Java News from Saturday, April 16, 2005

David Hovemeyer and Bill Pugh have posted FindBugs 0.8.7, an automated open source tool for finding potential bugs in Java code. This release includes several new detectors including:

I tested this release on the latest Jaxen code base. It found a few issues, including two possible genuine bugs. (Using == to compare Boolean objects. In context this was probably OK, but I wasn't absolutely sure of that so I went ahead and fixed them.) It also found a few places where the code was less than optimal: unnecessary object creation, inner classes that could be static, and the like. False positives were few, mostly involving circular dependencies between classes that don't really bother me.

Next I tried it out on the latest Jester code base. Here it found a few more serious problems. The worst of them were problems I already new about (excessive reliance on the classpath; too many calls to System.exit). However, FindBugs did show me exactly where in the code these bugs were arising. I hadn't bothered to track down yet so that was useful information.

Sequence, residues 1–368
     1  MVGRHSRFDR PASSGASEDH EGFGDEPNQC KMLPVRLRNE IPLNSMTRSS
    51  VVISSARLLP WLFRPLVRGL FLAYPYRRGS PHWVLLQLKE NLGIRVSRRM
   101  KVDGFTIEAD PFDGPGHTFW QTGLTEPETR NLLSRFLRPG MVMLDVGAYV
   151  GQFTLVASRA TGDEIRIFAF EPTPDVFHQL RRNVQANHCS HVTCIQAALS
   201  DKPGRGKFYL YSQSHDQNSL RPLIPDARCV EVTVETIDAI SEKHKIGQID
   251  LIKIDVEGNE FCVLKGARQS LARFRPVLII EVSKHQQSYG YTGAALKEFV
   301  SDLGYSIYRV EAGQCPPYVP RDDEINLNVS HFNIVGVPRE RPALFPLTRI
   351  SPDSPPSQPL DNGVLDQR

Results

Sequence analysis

Finally I ran it on XOM. Here it found a few performance issues in a part of the code I have been working on optimizing inlcuding one thing I didn't know I should be looking for: when iterating through a Map you can get an EntrySet that contains all mappings rather then grabbing the keys and looking up the value of each key individually. This can save a lot fo lookup time. I probably should have learned that five years ago, but better late than never.

Bottom line: the better your code is, and the better a programmer you are, the less FindBugs will find. The searches it performs are relatively shallow and obvious. They tend to be things experienced Java developers already know not to do. Nonetheless, FindBugs is free and reasonably easy to use, despite a few GUI glitches. It's worth running across your code base every so often. Sometimes even if FindBugs doesn't find anything, inspecting it's output will cause you to notice things you'd missed before. FindBugs requires Java 1.4 or later and is published under the LGPL.